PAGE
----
I get many queries from students who want more information about becoming a sports dietitian. Below are some answers to common questions, and a description of the career and work conditions that can be expected for a sports dietitian. I studied and work in Australia, so the situation may be different if you are living and studying elsewhere. You should also check out the services a sports dietitian provides, and about a career as a sports dietitian.
Nutritionist or Dietitian - what should I study?
Firstly, I am a sports dietitian, which in Australia is a higher qualification than a nutritionist, though it may not be the same elsewhere, and the terms nutritionist and dietitian (also spelt dietician) are sometimes used interchangeably. One first needs to study to become a clinical dietitian in order to be able to treat any clinical issues that may arise for your athletes e.g. Iron deficiency etc., then specialize through work experience and study to specialize in sports nutrition.
How do I become a Sports Dietitian?
To become a sports dietitian in many countries does not require any more than some qualification in basic Nutrition or Dietetics, and then an interest and some experience in the sports nutrition field. There are some courses specifically for sports dietitians. After studying Biochemistry at The University of Western Australia, I studied for Bachelor of Science (Nutrition and Food Science) at Curtin University with a Graduate Diploma in Dietetics. There are many more courses available to extend your sports nutrition knowledge. In Australia, you are required to complete the Sports Nutrition Further Education Course to be able to be accredited as a sports dietitian. I have also completed the IOC Diploma in Sports Nutrition.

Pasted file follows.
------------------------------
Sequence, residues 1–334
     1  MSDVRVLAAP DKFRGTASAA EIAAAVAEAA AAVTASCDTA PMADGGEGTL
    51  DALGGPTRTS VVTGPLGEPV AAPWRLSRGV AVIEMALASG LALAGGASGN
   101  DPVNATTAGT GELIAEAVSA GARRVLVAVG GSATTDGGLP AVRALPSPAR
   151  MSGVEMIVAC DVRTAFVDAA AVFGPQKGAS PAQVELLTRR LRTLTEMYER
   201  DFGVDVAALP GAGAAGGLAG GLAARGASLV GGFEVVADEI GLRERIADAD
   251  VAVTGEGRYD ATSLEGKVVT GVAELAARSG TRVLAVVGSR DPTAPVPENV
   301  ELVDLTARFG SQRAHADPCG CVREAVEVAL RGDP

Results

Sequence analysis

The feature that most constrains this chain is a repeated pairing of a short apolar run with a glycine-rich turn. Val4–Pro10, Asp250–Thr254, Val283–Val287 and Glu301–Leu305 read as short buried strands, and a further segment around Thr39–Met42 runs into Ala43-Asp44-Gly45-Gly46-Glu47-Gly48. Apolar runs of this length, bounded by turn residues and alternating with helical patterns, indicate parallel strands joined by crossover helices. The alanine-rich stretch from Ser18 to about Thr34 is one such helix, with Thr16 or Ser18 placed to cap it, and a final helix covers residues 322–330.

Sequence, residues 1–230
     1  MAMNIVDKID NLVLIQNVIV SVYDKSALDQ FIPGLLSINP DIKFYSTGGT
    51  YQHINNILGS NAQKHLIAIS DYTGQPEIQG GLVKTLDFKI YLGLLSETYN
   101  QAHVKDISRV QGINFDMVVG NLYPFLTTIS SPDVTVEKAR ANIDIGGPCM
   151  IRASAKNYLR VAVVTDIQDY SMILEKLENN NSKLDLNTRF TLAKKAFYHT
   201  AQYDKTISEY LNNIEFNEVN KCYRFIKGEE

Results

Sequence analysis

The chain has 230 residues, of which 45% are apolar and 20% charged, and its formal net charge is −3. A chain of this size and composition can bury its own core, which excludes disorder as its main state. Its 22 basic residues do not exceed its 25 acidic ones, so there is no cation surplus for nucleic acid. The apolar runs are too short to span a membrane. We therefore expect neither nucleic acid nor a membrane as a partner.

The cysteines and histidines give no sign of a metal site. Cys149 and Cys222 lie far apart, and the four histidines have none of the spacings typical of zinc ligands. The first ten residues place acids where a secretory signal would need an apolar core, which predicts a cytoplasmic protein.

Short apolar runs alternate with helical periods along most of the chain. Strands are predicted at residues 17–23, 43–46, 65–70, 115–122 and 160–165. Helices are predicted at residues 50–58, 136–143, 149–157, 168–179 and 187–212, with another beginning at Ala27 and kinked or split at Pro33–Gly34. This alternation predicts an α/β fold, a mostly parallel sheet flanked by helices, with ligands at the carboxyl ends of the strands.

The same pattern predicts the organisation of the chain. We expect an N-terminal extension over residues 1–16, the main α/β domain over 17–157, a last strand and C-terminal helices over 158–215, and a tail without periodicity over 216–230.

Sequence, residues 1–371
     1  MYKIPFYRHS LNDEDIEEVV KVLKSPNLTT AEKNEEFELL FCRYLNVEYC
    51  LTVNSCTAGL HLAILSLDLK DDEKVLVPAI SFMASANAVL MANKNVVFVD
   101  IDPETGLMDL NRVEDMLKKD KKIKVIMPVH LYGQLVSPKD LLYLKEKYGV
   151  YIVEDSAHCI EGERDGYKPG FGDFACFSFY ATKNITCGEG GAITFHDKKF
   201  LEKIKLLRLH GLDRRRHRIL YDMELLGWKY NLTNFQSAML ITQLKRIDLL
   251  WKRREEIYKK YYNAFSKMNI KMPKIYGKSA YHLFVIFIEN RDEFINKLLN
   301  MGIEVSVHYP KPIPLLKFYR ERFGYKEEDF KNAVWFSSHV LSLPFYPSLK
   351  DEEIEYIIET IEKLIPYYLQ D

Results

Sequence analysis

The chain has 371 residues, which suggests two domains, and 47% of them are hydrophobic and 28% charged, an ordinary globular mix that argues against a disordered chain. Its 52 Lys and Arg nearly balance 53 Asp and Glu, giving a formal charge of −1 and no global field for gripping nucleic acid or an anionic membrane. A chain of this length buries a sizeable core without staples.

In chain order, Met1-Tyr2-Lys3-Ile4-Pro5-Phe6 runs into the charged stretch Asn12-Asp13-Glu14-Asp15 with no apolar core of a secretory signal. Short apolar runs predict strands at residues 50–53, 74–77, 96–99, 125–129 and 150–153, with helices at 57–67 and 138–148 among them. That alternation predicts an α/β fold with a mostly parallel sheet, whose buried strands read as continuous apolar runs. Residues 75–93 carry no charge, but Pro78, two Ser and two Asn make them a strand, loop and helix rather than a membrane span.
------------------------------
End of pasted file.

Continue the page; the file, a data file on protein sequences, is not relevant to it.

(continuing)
In Australia, to become an Accredited Sports Dietitian, you must be a fully qualified dietitian, and then gain credit in a specific sports dietetics course or University unit. In the US, the premier professional sports nutrition accreditation is by the Board Certified Specialist in Sports Dietetics (CSSD). The CSSD is offered by the Commission on Dietetic Registration (CDR) for registered dietitians (RDs) who have specialized experience in sports dietetics.
Nothing Beats Work Experience
Even if you have the right qualifications, a good sports dietitian job can be hard to find. If you have the right contacts and a bit of luck you can get involved with a major sporting team. If that is the direction you wish to go in, it would be best to start helping out (possibly voluntarily) with a local sports team and work your way up from there. I was fortunate to get a scholarship and work at the Australian Institute of Sport which gave me valuable experience working with Australia's elite athletes and also enabled me to work alongside some world-class sports dietitians.
Working as a Sports Dietitian
It is awesome working with high-level athletes, and a really challenging and exciting field to be in. There are very few full-time positions available as a sports dietitian, so to work in this field often a few part-time positions need to be taken. Many sports dietitians do other non-sports related work (such as clinical or community dietetics). On a typical day, I regularly perform anthropometry testing (such as skinfolds etc.) as well as practical sessions like cooking and shopping. A big part of my job is also diet planning and advice, and personal consultations.
The majority of the work is counseling type work and consultations with clients whether they be patients or athletes. I love working with other people, particularly working with highly motivated athletes. I am passionate about sports nutrition, so I love my job! It is a great feeling making a positive impact on peoples' lives.
- More Resources for Sports Dietitians
- About Clare Wood - Sports Dietitian
- How to become a sports dieitician, and other careers in sport
- Sports nutrition courses
- What does a sport dietitian do?
- Clare Wood - sports dietitian
- Consulting a Dietician for Weight Loss
- More Resources for Sports Dietitians